Topic: AIF - Lighthorse
Moving the Light Horse
The following article is extracted from Dennis, P. et. al., The Oxford Companion to Australian Military History, 2nd Edition, OUP, Melbourne, 2008, p. 562.
WALERS was a term coined in India in the 1840s to describe horses from New South Wales, and was later applied more generally to Australian horses abroad. Though it has now been established as a breed proper, historically this was not the case and the term was used to describe almost all Australian - sourced horses despite the fact military horses varied greatly in size and characteristics depending on their intended use (artillery horses were a light draught type, for example, whilst cavalry mounts were lighter).
Australian horses were sold to the Indian Army from 1834 until just before the Second World War. The first Walers to be used in war by Australian troops were the 224 horses which went from Australia to the Sudan. The British and Australians used 37,245 Walers in the Boer War, but they, like almost all large horses brought to South Africa for the war, did not perform particularly well. This was due to a number of factors including undiscerning purchasing standards in Australia, an overstretched remount service which meant the horses were poorly acclimatised or prepared for military service once they arrived in Africa, virulent African horse diseases, poor unit standards of horse-mastership, an overworked veterinary service, an inadequate logistic service which precluded the supply of enough fodder, and finally a fundamental operational demand to keep the horses continually on the move without adequate rest. By the end of the war the Australian horses thought most suitable in South Africa were small mounts, known locally as nuggets, which were not dissimilar to the small horses the Boers used.
The Walers used by various armies in the First World War were more effective. Australian horses were not directly shipped to Europe due to the distances involved and it is the mastership, an overworked veterinary service, an inadequate logistic service which precluded the supply of enough fodder, and finally a fundamental operational demand to keep the horses continually on the move without adequate rest. By the end of the war the Australian horses thought most suitable in South Africa were small mounts, known locally as nuggets, which were not dissimilar to the small horses the Boers used.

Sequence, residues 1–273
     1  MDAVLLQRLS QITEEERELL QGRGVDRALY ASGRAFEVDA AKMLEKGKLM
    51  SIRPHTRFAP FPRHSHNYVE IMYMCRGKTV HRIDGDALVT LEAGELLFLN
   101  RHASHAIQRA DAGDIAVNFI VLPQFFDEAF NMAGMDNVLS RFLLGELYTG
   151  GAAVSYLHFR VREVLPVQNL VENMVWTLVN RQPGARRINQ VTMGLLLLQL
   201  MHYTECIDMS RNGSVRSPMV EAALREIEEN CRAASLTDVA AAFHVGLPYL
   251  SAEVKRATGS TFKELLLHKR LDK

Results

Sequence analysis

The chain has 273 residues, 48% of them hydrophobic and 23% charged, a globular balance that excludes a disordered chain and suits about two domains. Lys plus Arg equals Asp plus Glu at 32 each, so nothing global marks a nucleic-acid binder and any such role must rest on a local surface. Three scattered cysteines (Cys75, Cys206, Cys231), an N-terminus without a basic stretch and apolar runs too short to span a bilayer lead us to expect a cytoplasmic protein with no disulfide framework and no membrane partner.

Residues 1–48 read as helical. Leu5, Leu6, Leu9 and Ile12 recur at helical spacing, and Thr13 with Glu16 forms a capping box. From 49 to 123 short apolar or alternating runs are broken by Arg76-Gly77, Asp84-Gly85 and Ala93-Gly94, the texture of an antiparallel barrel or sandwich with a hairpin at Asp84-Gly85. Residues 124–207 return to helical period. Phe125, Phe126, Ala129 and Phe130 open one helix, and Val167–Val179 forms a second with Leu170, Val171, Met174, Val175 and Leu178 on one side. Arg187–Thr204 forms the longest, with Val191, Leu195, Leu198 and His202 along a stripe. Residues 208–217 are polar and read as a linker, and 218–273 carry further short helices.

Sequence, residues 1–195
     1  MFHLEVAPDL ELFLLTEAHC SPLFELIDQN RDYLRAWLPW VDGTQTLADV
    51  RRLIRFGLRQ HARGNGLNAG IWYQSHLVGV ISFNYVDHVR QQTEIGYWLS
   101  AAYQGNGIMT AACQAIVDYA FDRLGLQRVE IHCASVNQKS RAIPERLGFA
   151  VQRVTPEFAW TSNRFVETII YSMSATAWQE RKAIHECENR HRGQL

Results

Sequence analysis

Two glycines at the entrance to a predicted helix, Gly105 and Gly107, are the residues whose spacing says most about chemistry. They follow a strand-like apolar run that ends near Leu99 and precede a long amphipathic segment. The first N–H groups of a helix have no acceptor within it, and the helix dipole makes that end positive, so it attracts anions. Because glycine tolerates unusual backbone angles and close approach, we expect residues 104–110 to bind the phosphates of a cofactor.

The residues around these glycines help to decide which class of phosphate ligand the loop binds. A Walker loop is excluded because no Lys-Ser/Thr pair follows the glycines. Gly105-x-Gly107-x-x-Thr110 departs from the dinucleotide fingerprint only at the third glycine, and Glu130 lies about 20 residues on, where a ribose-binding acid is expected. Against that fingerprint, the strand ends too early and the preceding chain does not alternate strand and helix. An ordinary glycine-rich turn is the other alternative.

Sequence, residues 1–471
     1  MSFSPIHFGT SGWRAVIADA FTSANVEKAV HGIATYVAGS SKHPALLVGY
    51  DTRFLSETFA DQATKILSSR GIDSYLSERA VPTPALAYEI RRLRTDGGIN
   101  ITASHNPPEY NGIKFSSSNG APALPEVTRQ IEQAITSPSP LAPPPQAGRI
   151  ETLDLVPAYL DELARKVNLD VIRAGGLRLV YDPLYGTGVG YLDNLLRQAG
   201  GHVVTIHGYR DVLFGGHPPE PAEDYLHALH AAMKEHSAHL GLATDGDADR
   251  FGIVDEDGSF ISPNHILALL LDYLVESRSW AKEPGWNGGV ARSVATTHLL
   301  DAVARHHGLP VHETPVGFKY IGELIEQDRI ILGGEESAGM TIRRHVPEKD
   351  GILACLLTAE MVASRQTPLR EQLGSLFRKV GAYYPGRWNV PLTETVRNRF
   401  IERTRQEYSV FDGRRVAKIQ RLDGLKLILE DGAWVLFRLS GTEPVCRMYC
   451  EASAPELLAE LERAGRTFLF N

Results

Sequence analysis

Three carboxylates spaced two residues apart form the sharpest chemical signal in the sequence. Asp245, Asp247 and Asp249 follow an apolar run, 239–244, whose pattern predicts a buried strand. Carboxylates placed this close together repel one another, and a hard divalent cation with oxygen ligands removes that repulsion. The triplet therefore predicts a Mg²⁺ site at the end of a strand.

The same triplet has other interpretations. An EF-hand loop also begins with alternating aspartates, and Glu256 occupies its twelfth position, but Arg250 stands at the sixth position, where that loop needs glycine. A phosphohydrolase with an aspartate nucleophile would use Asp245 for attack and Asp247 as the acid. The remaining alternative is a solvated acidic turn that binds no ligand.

The Walers used by various armies in the First World War were more effective. Australian horses were not directly shipped to Europe due to the distances involved and it is the performance of Walers in the Sinai and Palestine campaigns (see Palestine campaign), which has gained most attention.
Despite a popular notion that Walers outperformed all other horses in the Middle East this was not necessarily the case. Walers did perform very well, but so did the horses of nearly every cavalry, supply and artillery unit in Palestine Australian, New Zealand, British and Indian. Many Australian mounts benefited from their long period of acclimatisation while their riders were at Gallipoli, but perhaps more important for the campaign as a whole was the establishment of good standards of unit horse-mastership, thorough veterinary services, an operational tempo that permitted rest for the mounted units, and a well-organised logistical system that generally kept the horses well-fed and watered.
The work of purchasers in Australia and of the Australian Remount Unit in Egypt was also of notable benefit. At the end of the war most Australian Walers were sold on to the Indian Army. Older and otherwise unsuitable horses were destroyed (often by soldiers working under veterinary or remount unit supervision) but, despite the persistence of the myth, it seems very few, if any, were taken to a quiet spot near a camp and shot by their riders to save them being sold to local Arabs.
Australia sent 31,348 horses for overseas service with the AIF during the war and another 81,967 were sent to India. Shipments to Egypt ceased by mid 1916 mainly due to severe shipping shortages, though there were also complaints from Egypt about the quality of the horses being sent by this stage.
Of the horses used in these three wars only one, General W. T. Bridges' Sandy, was returned to Australia in 1918 far too late for Bridges' funeral in 1915, despite common belief.
With expanding industrialisation and urbanisation during the interwar period Walers became an ever-scarcer commodity and by the late 1920s it was proving difficult for the military to find enough mounts, especially for the militia light horse (whose riders provided their own horses). It was this factor, as much as a desire to modernise, which was behind the spasmodic efforts to mechanise the Army before the Second World War.
Citation: The Waler, Moving the Light Horse